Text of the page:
Super-partnership seeks to think big while acting local
8 May 2017
For organisations looking to grow, delivering services at scale while retaining local autonomy and a distinctive feel has always been a challenge.
Dr Mark Newbold says Birmingham-based super-partnership Our Health Partnership (OHP) is managing to achieve just that. It is providing primary care at scale – its combined patient list of 280,000 makes it bigger than many clinical commissioning groups – while maintaining the independence of its 35 practices. Nine more practices will join in May,taking the list size to 370,000.
Newbold, a former acute trust chief executive, has been part-time managing director since OHP’s launch in November 2015 when the 35 practices dissolved their partnerships and formed a single new partnership, OHP – with each retaining their GMS or PMS contracts.
He works with two other executive directors, each with an NHS background. They are on the OHP board, sitting alongside seven elected GP managing directors, a balance Newbold says ensures the organisation remains GP-led.
“The organisation is run by a board but we do not dictate to practices. We agreed with commissioners that practices would keep their individual NHS contracts. That was not just to protect individual practices’ profits but to ensure that they could make decisions on things that do not affect any of the other practices – for instance staffing levels or opening hours.”
Talking at PCC’s recent Going with the Grain event, Newbold said: “We have a single board with a single purpose but not a single way of doing things. The word practice is no longer synonymous with partnership but this is still a partnership and not a corporation.”
This ethos is enshrined in the partnership deed.
With some 680 practice staff transferring under TUPE to the new super-partnership and an annual income of more than £40million, Newbold recognises that some might suggest his organisation is too big for general practice.
“Are we too big? I would say no because we do not manage our practices: we support our practices to manage themselves. We avoid being centrally driven as the NHS has had enough of that. Coming from the acute sector where trusts run on a corporate model we know that you need accountability at the front line. In general practice you have that and it is very important you do not lose it.”
The seven GP board members were elected by the partners after each submitted a 300 word manifesto.
“The GPs on the board are firsts amongst equals. They are there as leaders rather than managers. You don’t need management expertise to be on the board because they hired that in.
“Working as a board member is completely different to taking part in a practice team meeting as you are spending resources that are not yours.”
The important thing, he said, is for the board to communicate effectively with its GP members and to prioritise that representative role. It does this partly through regular partners’ meetings and locality gathering but Newbold admits that the organisation needs to continually think about how it reaches and informs busy GPs.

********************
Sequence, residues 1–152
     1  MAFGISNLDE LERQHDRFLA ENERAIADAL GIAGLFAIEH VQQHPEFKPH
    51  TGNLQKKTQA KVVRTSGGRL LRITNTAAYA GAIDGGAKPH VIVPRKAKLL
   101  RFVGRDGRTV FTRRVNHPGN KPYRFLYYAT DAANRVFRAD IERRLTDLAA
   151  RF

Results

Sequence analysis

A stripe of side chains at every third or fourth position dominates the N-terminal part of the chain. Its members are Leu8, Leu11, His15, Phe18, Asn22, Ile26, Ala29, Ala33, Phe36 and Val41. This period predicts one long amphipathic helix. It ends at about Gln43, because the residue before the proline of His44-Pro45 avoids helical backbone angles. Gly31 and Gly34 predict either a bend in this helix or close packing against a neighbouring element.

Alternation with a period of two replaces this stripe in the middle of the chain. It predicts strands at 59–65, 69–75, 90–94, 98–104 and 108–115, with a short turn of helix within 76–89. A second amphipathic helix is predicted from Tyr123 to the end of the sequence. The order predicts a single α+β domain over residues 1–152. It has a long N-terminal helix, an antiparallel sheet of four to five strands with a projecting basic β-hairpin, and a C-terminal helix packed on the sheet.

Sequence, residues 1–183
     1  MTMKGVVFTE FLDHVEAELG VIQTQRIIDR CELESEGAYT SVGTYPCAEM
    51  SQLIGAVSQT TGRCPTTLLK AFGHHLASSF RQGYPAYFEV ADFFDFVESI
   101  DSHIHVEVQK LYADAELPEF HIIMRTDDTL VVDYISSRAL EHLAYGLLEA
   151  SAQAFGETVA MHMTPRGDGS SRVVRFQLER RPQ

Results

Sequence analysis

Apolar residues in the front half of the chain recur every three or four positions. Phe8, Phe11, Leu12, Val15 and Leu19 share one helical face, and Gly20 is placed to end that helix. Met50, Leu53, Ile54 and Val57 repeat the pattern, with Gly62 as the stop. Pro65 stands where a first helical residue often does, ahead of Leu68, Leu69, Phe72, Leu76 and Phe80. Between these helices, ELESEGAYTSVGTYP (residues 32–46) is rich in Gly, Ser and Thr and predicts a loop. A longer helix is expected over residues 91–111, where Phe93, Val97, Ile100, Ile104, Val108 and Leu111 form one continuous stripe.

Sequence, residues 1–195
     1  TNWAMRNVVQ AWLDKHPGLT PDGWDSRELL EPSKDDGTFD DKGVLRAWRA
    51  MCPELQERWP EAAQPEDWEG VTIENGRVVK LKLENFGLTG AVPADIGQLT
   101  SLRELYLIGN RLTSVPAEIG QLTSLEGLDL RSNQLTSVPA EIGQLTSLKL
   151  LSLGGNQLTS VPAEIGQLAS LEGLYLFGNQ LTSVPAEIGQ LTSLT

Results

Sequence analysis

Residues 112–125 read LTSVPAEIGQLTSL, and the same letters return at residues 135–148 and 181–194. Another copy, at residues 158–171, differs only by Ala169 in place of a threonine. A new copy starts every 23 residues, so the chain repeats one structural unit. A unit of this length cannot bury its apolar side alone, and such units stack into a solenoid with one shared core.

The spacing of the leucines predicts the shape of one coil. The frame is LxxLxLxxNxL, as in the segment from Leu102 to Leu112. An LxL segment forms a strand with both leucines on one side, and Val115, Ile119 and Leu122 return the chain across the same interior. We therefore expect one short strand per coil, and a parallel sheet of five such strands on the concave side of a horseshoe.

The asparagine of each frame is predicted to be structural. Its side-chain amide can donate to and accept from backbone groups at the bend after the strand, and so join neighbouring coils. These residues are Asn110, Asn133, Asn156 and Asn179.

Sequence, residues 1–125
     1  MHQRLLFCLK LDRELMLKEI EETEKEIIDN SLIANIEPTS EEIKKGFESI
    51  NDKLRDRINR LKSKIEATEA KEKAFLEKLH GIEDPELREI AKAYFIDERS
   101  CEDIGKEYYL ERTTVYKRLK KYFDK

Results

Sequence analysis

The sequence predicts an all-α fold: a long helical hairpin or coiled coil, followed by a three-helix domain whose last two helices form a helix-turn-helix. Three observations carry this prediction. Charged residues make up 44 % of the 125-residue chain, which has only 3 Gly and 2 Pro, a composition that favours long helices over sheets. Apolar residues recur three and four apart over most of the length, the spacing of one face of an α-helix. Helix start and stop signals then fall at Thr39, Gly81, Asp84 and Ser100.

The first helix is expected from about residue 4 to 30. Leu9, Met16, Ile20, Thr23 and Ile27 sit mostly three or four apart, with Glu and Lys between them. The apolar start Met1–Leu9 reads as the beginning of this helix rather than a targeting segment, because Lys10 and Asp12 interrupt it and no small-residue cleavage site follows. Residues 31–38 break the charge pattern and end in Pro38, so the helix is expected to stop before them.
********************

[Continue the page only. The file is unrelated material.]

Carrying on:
OHP achieves efficiencies by delivering functions such as finance and payroll centrally. Savings on accounting costs alone ensure that practices recoup almost half the £2 a patient subscription fee, Newbold says.
Among the other benefits of membership are OHP’s banks of locums and other healthcare professionals, central procurement, monthly payroll services and benchmarking reports.
The latter will be accompanied by regular dashboard reports that have taken on new significance now that OHP is to be registered as a provider with the Care Quality Commission effectively replacing individual practice registrations.
Newbold says: “We sit between the practices and the CQC. The practices will now be registered locations that we monitor. That means they will not be directly inspected as often, and we can generate an ethos of quality improvement through peer advice and support.”
Equally important, Newbold suggests, is the visible presence and voice that the super-partnership has belatedly given GPs in the development of sustainability and transformation plans (STP).
“We have been pretty successful in getting GP representation in the STP process even if it was fairly late in the day. We banded together with other GP provider organisations to give a single general practice voice. It’s been helpful in terms of visibility even if we’re not yet influencing output.”
However, perhaps more importantly, the structure also increases the scope for local primary care providers to deliver new services – including through eventually evolving into some form of multispecialty community provider (MCP). The super-partnership’s central team is charged with growing the organisation by bidding for new contracts.
Newbold says there is an opportunity for the organisation to commission its own out-of-hospital services.
Early thinking around the possible MCP development includes discussion around a separate vehicle involving community, acute and mental health partners. First steps towards that goal could include ‘wrapping’ services such as physiotherapy and district nursing around practices.
However, Newbold insists that the partnership will remain intact and continue to be based on the GMS contract.
He says: “OHP demonstrates that independent general practice is viable, sustainable and able to contribute effectively to delivering the modern NHS. The partnership model of GP practices can deliver the transformation agenda.”
PCC can advise on all aspects of collaboration in general practice, from agreeing a shared mission to working through the legal detail and writing a business plan.
For information about PCC’s support for primary care development, contact firstname.lastname@example.org
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